Crimea: EU poised to respond with 'limited’ Russia sanctions
EU ambassadors late on Sunday (16 March) agreed to impose a “limited” set of visa bans and asset freezes on Russia in reaction to the referendum in Crimea.
A diplomatic source said the late night meeting in Brussels “reached agreement on a list of names [of Russian officials] which is quite limited both in terms of their rank and the number of people.”
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The contact added that southern countries, including Cyprus, Greece, Portugal, and Spain, which did not want a more hard-hitting reaction, “had quiet support” from France and Germany, while the UK had called for a more robust response.
A second EU source said foreign ministers meeting also in Brussels on Monday “might reopen discussion” on the list. But the contact added: “At this late stage, I think they will focus instead on sending out a unified EU message.”
For their part, local officials in Crimea on Sunday said 96 percent of people voted for the territory to join Russia on a turnout of 83 percent.
Russian media cited “international observers” as saying the vote was free and fair.
RT said there were 30 observers from 10 European countries, while e-crimea.info said there were 135 from 23 states. Few were named or quoted, but those who were included: Mateusz Piskorski, a Polish former MP; Enrique Ravello, a Catalonian separatist MEP; and Bela Kovacs, a far-right Hungarian euro-deputy.
Russian President Vladimir Putin also said the vote let people “freely express their will and exercise their right to self-determination.”
He did not say if he plans to annex Crimea.
Instead, he hinted at making a concession to Western demands, by saying he would consider letting the Vienna-based multilateral body, the OSCE, send a “mission to monitor the situation in Ukraine” and that the mission should “cover all parts of Ukraine.”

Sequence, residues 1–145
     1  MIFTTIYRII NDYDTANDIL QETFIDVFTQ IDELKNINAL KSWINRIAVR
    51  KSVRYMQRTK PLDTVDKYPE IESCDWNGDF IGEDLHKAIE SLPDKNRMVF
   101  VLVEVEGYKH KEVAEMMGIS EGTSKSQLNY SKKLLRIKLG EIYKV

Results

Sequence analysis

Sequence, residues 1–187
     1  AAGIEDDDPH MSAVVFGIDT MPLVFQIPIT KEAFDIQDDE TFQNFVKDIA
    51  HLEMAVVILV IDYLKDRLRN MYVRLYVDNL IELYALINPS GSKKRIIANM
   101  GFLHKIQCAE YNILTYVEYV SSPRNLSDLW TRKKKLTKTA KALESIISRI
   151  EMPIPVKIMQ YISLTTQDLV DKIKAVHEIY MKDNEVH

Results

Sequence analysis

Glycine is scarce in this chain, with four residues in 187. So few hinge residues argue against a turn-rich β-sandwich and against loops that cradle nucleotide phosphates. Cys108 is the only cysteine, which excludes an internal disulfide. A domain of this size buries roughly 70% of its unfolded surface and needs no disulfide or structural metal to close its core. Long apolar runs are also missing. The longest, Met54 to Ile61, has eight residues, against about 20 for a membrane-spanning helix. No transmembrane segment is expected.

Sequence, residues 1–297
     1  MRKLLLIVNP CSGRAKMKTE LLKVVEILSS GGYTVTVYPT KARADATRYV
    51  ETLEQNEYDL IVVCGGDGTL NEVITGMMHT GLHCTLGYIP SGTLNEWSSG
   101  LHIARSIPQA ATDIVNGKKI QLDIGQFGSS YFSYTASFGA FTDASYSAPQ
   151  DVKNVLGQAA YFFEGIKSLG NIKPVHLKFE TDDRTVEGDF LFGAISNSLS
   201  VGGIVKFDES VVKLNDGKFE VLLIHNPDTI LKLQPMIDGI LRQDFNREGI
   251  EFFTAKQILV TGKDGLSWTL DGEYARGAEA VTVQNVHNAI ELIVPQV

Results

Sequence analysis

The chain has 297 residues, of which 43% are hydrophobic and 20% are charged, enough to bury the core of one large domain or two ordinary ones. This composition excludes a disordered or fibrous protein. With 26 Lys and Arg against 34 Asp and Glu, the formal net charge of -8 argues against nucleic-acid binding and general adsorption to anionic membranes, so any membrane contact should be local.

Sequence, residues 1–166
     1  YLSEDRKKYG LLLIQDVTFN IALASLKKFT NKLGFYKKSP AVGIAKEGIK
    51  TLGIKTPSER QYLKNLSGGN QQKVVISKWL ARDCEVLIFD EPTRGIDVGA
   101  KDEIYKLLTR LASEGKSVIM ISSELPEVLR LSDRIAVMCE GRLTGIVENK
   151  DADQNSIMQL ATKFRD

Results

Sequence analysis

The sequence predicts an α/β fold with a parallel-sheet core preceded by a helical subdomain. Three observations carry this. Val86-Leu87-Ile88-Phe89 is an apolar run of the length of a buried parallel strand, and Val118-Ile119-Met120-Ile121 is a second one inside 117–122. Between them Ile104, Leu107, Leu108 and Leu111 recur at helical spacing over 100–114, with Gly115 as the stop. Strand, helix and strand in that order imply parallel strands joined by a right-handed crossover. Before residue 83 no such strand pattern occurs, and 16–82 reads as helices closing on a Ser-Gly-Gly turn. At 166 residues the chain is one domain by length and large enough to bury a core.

Other members of the Russian establishment were more hawkish, however.
Sergei Neverov, the deputy speaker of the Russian parliament, told Interfax the assembly will "in the very near future" pass laws for Crimea to join Russia. Dmitry Kiselyov, the head of Russia Today, a state broadcaster, said in a news show that "Russia is the only country in the world that is realistically capable of turning the United States into radioactive ash."
Meanwhile, EU and US leaders denounced the Crimea result as illegal.
European Commission head Jose Manuel Barroso and EU Council President Herman Van Rompuy said in a joint communique: “The referendum is illegal and illegitimate and its outcome will not be recognised.”
“President Obama emphasised that the Crimean ‘referendum,’ which violates the Ukrainian constitution and occurred under duress of Russian military intervention, would never be recognised by the United States and the international community,” the White House noted.
British foreign minister William Hague added on Monday morning that the Crimea vote was “a mockery of proper democratic practice.”
Sweden’s Carl Bildt tweeted, in reference to Kiselyov’s nuclear threat, that “Russian TV propaganda [is] surpassing itself.”
The Ukrainian government also rejected the Crimea result.
But its defence ministry said it made a deal with Russia that there will be no military hostilities by either side in Crimea before 21 March.
Alongside Russia’s occupation of Crimea, Russian forces over the weekend made their first sortie into the Ukrainian mainland by attempting to occupy the village of Strilkove, in Crimea’s neighbouring Kherson region.
The Ukrainian authorities said they repelled the operation. But other reports indicate the Russian troops took control of a sanatorium nearby and remain in place.